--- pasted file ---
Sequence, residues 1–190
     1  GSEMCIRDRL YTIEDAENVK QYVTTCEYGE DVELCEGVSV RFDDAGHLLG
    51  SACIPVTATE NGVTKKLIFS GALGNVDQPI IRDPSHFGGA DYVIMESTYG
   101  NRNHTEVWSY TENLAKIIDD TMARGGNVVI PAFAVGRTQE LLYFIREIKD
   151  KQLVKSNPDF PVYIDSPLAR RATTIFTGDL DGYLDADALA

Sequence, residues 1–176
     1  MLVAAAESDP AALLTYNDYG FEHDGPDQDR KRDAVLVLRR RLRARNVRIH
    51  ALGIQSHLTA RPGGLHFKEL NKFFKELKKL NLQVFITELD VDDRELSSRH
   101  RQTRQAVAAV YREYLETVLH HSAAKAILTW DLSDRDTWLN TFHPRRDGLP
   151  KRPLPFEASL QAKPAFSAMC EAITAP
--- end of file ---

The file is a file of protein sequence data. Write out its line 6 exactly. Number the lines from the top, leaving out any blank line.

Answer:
Sequence, residues 1–176